zero css looked fine in days where all screens were roughly 15 inches diagonally - nowadays it’s readability hell across devices.

        the vast majority of these sites could be fixed with two rules: max-width: 40em and margin: auto to center it. That’s it, that’s all you need to jump on the brutalist trend while keeping things readable.

        related reading: (which, funnily enough, seems to have either been scanned in wrong or the author is just having some ironic fun with the layout)

        1. 2

          Yeah, the max-width is typically my biggest concern. But I do want slightly more line spacing most of the time, as well.

    5. 9

      “The main feature that was awaited for a long time is the introduction of experimental features, namely the flakes experimental feature. Users still have to opt into the feature manually (as well as the nix-command feature that was enabled by default in previous nix versions).”

      If there wasn’t enough confusion about this already.. :( I’m not sure what the first sentence means, after reading the second one. I get it that now it’s manual opt in again… like before.. so then what exactly arrived that was long awaited? Flakes and the nix-command is available as an experimental feature since at least 2.4 (I have that on my Mac still and they work). I feel like I’m missing something here.

      EDIT: Okay, I get it – so only the nix command was available by default on previous versions. Still morning here :) I still don’t get what got introduced though.

      1. 1

        The flakes feature is what is new. Flakes are opt-in still but users can use them to manage their os configuration and/or use then for development workspaces.

        1. 1

          but flakes feature existed in previous releases

          1. 3

            nix/nixStable was on version 2.3.16 in nixos-21.11, and is on version 2.8.1 in nixos-22.05 now. The former did not include the flakes feature, which was introduced in 2.4 and above. You could of course, and many people did, just install nix 2.4 or newer manually. Hope that explains it :)

            1. 1

              Thank you, that does explain it! :)

              On another note: just upgraded on of my servers from 19.09 to 22.05 and it went buttery smooth, like all my upgrades so far — I love the stateVersion feature — NixOS rocks!

          2. 1

            I don’t think you could use them for your nixos configuration yet. But I could be wrong about that.

            1. 4

              I’ve been doing nixos-rebuild switch --flake .#host for a while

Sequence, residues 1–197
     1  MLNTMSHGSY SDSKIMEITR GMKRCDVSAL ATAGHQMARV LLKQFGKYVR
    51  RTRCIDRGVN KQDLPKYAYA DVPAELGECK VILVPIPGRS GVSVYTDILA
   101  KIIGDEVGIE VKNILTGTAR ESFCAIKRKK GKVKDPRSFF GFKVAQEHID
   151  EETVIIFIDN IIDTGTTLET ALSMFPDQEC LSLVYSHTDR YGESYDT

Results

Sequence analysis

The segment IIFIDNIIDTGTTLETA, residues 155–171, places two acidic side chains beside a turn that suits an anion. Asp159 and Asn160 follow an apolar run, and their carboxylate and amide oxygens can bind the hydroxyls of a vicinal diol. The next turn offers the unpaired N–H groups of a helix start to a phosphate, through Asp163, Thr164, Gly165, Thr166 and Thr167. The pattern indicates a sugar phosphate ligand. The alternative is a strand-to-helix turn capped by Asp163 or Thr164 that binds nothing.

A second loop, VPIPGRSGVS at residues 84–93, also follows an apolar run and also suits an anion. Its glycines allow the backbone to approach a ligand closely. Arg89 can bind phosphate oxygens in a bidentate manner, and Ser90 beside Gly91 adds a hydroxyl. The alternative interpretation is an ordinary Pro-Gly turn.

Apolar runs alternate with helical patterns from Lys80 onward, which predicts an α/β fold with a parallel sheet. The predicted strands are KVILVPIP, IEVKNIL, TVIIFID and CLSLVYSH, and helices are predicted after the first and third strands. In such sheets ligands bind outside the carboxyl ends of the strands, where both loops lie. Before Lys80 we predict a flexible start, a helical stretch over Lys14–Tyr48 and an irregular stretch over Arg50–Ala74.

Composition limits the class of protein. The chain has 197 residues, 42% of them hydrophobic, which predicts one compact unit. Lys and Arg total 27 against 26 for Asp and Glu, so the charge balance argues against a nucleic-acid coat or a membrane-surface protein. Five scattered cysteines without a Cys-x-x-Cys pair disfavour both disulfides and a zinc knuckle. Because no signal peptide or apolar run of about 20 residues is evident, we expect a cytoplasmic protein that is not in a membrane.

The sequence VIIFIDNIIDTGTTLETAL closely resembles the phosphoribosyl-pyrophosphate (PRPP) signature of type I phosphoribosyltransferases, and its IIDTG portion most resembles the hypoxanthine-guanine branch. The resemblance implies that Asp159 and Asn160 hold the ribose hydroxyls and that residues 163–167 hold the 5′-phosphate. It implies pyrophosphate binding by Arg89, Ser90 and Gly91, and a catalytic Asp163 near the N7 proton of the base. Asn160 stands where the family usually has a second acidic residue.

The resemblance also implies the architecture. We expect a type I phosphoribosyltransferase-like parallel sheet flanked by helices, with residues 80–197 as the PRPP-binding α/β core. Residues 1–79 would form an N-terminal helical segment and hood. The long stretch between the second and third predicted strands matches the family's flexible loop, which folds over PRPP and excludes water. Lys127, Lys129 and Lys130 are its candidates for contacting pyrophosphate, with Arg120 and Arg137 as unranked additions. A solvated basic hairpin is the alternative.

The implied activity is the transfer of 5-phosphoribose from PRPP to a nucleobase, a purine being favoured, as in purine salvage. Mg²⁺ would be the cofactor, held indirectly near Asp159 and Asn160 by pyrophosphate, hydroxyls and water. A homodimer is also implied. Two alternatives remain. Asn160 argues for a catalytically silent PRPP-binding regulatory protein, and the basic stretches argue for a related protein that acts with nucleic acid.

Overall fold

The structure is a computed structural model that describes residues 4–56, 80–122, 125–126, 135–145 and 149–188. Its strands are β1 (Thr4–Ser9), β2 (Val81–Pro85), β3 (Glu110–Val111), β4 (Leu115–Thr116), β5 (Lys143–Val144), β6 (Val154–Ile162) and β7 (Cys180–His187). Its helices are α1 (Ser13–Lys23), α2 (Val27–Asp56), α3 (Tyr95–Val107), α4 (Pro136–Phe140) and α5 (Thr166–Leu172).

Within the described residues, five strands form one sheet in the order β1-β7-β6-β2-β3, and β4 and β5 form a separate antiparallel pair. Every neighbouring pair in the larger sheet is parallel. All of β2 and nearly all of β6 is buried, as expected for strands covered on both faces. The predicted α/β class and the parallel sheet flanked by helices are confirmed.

6. 2

      in particular, one that i’m often wondering about, is what’s a funky way to manage, say, running a script to spin up a website, and the browser to interact with it. it’s crazy that it should take two screen locations for this. maybe someone has come up with a cool hack along these lines? also interested to know any cool things you’ve done!

      Could you explain in more depth?

      (I’ll reply to this with my xmonad when I’m on the pc that has it, or I’ll just edit this post.)

      1. 1

        yeah, sorry, it wasn’t a great explanation :)

        the main scenario is this:

        1. i’m writing some javascript app; and i need to run npm run dev, or similar. it stays open, and tells me about errors.
        2. i click around in the app; and i make code changes. arguably, i only need two windows allocated for this task. if i happen to use an ide, and have it set up well, i can do it with just two; getting all my errors via the ide somehow. but suppose i don’t do that, then i need 3 windows.

        one (not great) solution i often think about, is having 3 windows, but have the one with the errors be really small, most of the time, and then allow for it to be increased, as i have the will to read the errors.

        this is such a common pattern for me across so many languages and environments, that i’m thinking there has to be a good way to solve it within the window manager. either kind of saying “this window is the child of that”, and then having that relationship determine who is bigger; and using that idea to kind of push those two independent windows into one “region” within the xmonad window manager.

        does that make more sense?